Sunday, November 27, 2011

Fox News viewers less informed than people who watch no news at all

In Pepper spray as a vegetable product: fat-free or fact-free?, I quoted David Frum in New York Magazine. Not only was he quoted by Paul Krugman at the New York Times, but also by Karoli at Crooks and Liars. Here's the quote again.
Extremism and conflict make for bad politics but great TV. Over the past two decades, conservatism has evolved from a political philosophy into a market segment. An industry has grown up to serve that segment—and its stars have become the true thought leaders of the conservative world. The business model of the conservative media is built on two elements: provoking the audience into a fever of indignation (to keep them watching) and fomenting mistrust of all other information sources (so that they never change the channel). As a commercial proposition, this model has worked brilliantly in the Obama era. As journalism, not so much. As a tool of political mobilization, it backfires, by inciting followers to the point at which they force leaders into confrontations where everybody loses, like the summertime showdown over the debt ceiling.

But the thought leaders on talk radio and Fox do more than shape opinion. Backed by their own wing of the book-publishing industry and supported by think tanks that increasingly function as public-relations agencies, conservatives have built a whole alternative knowledge system, with its own facts, its own history, its own laws of economics. Outside this alternative reality, the United States is a country dominated by a strong Christian religiosity. Within it, Christians are a persecuted minority. Outside the system, President Obama—whatever his policy ­errors—is a figure of imposing intellect and dignity. Within the system, he’s a pitiful nothing, unable to speak without a teleprompter, an affirmative-action ­phony doomed to inevitable defeat. Outside the system, social scientists worry that the U.S. is hardening into one of the most rigid class societies in the Western world, in which the children of the poor have less chance of escape than in France, Germany, or even England. Inside the system, the U.S. remains (to borrow the words of Senator Marco Rubio) “the only place in the world where it doesn’t matter who your parents were or where you came from.”

We used to say “You’re entitled to your own opinion, but not to your own facts.” Now we are all entitled to our own facts, and conservative media use this right to immerse their audience in a total environment of pseudo-facts and pretend information.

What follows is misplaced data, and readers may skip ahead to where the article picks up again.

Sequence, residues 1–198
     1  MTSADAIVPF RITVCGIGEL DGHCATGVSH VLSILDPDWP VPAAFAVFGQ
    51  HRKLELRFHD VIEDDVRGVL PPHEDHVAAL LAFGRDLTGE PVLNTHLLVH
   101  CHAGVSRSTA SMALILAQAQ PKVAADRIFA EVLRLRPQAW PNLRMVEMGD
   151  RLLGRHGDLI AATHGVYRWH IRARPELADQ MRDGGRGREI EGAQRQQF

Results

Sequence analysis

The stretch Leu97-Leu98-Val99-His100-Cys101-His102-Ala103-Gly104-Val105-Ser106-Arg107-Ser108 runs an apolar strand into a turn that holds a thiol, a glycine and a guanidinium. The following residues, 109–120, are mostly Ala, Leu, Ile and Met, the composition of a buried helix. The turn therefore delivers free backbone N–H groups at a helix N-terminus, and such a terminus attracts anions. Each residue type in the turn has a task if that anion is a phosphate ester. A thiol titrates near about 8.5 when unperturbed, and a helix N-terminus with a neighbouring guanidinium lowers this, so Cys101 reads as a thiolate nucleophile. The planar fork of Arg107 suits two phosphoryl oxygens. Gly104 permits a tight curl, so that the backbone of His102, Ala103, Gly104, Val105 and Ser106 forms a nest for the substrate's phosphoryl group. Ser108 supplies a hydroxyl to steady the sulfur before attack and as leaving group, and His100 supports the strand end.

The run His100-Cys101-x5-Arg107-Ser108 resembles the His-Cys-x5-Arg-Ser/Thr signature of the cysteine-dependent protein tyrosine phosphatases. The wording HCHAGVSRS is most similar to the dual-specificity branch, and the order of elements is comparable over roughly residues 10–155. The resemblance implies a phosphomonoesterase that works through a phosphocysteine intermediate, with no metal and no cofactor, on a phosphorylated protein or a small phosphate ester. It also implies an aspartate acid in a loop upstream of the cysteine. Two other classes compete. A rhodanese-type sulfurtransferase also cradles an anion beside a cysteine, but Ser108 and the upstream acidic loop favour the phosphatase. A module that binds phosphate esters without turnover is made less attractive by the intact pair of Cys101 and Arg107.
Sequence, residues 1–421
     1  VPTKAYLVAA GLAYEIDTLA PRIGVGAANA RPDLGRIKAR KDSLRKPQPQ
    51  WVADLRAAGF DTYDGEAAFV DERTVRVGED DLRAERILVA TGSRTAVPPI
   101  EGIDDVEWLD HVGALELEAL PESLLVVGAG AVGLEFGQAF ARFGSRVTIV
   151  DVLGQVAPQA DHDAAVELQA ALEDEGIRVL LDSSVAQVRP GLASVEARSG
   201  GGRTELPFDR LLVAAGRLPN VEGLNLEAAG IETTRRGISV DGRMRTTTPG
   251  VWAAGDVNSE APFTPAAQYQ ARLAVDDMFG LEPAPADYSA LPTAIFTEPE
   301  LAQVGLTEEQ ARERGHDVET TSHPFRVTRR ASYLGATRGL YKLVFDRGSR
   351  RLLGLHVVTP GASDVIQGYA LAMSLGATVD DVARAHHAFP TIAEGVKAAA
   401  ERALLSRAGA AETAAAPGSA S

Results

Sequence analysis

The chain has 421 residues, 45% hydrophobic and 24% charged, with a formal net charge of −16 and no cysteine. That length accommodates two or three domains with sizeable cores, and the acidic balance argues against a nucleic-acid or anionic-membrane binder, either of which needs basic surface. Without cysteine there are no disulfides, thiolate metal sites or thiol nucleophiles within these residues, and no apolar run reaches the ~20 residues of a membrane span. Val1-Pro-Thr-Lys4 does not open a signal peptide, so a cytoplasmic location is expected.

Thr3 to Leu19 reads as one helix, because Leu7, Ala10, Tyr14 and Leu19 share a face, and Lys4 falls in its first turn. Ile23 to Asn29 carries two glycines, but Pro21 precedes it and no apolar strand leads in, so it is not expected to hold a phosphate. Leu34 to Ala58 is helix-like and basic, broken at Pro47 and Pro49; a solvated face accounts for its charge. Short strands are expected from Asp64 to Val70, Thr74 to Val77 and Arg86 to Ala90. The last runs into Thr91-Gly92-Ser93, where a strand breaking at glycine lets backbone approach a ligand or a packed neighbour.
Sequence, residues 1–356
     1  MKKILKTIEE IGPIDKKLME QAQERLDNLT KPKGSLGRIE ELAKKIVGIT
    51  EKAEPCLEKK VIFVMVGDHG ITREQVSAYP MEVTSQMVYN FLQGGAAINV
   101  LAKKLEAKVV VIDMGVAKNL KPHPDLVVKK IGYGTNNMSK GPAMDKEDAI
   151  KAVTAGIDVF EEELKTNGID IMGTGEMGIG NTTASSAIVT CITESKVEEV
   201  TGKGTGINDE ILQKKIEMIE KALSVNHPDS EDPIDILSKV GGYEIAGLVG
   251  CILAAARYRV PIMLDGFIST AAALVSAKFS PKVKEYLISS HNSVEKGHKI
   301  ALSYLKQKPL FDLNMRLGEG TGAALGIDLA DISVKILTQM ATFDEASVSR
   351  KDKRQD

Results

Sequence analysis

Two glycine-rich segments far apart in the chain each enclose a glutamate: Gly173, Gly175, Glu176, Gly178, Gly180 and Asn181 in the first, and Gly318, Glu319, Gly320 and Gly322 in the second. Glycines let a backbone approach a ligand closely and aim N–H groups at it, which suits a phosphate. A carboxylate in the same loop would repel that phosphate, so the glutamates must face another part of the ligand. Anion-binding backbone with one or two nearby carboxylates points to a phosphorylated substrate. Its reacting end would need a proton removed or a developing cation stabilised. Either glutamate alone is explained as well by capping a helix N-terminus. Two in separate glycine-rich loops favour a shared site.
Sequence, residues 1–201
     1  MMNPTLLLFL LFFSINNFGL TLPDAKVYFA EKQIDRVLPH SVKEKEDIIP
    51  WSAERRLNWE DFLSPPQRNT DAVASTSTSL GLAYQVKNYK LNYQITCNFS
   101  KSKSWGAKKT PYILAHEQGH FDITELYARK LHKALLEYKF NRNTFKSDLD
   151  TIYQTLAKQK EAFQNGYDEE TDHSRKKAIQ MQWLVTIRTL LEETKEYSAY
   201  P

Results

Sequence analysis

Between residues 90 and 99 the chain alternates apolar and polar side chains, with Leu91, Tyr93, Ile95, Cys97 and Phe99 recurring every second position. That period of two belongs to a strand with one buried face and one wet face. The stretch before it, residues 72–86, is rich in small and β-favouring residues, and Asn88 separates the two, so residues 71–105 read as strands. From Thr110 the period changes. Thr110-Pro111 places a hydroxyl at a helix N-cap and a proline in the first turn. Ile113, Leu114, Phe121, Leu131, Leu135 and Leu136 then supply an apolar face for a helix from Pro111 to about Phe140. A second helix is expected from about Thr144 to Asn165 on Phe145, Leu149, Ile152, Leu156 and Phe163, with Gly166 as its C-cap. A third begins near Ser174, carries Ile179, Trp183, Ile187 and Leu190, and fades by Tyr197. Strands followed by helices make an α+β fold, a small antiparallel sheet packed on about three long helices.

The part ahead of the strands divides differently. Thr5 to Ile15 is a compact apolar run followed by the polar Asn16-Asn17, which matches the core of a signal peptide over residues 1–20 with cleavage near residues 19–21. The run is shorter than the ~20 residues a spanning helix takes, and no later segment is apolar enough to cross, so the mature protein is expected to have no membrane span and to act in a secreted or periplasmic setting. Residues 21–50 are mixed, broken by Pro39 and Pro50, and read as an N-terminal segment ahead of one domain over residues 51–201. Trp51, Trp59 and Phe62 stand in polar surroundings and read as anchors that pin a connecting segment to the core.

Right after I posted the above, I read Fox News Viewers Know Less Than People Who Don't Watch Any News: Study in the Huffington Post. I'd quote it, but both HuffPo and a commenter on Karoli's article linked to the original study, which is a press release and therefore can be quoted at much more length. Here are the highlights of "Some News Leaves People Knowing Less" from Farleigh-Dickinson University in New Jersey.
According to the latest results from Fairleigh Dickinson University’s PublicMind Poll, some news sources make us less likely to know what’s going on in the world. In the most recent study, the poll asked New Jerseyans about current events at home and abroad, and from what sources – if any – they get their information. The conclusion: Sunday morning news shows do the most to help people learn about current events, while some outlets, especially Fox News, lead people to be even less informed than those who say they don’t watch any news at all.
But the real finding is that the results depend on what media sources people turn to for their news. For example, people who watch Fox News, the most popular of the 24-hour cable news networks, are 18-points less likely to know that Egyptians overthrew their government than those who watch no news at all (after controlling for other news sources, partisanship, education and other demographic factors). Fox News watchers are also 6-points less likely to know that Syrians have not yet overthrown their government than those who watch no news.

"Because of the controls for partisanship, we know these results are not just driven by Republicans or other groups being more likely to watch Fox News," said Dan Cassino, a professor of political science at Fairleigh Dickinson and an analyst for the PublicMind Poll. "Rather, the results show us that there is something about watching Fox News that leads people to do worse on these questions than those who don’t watch any news at all."
That's bad, but it gets worse. Fox News can't even inform people about news that they should be good at.
Only 55% of New Jerseyans are able to name correctly either Mitt Romney or Herman Cain as the Republican candidates most recently leading in the polls, with 37 % saying that Romney is ahead, and 18% saying that Cain is. Watching Fox News didn't help or hurt respondents on this question. MSNBC, however, helped: Watching MSNBC was associated with a 10-point increase in identifying Romney as the leader, and a 5-point drop in the likelihood of identifying Cain compared to those who got no exposure to news at all.

"Given the amount of time and effort the media spent covering these candidates, the fact that only about half of the public can name one of the front-runners is embarrassing," said Cassino. "The fact that Fox News, the preferred media outlet for many of the candidates, doesn't do better in informing viewers is very surprising."
Viewers of MSNBC, who are less likely to vote in the Republican primary than Fox News viewers, are better informed about the Republican field than Fox News viewers. That's pathetic.

Freedom from Facts, indeed.

Original at Hysterical Raisins.

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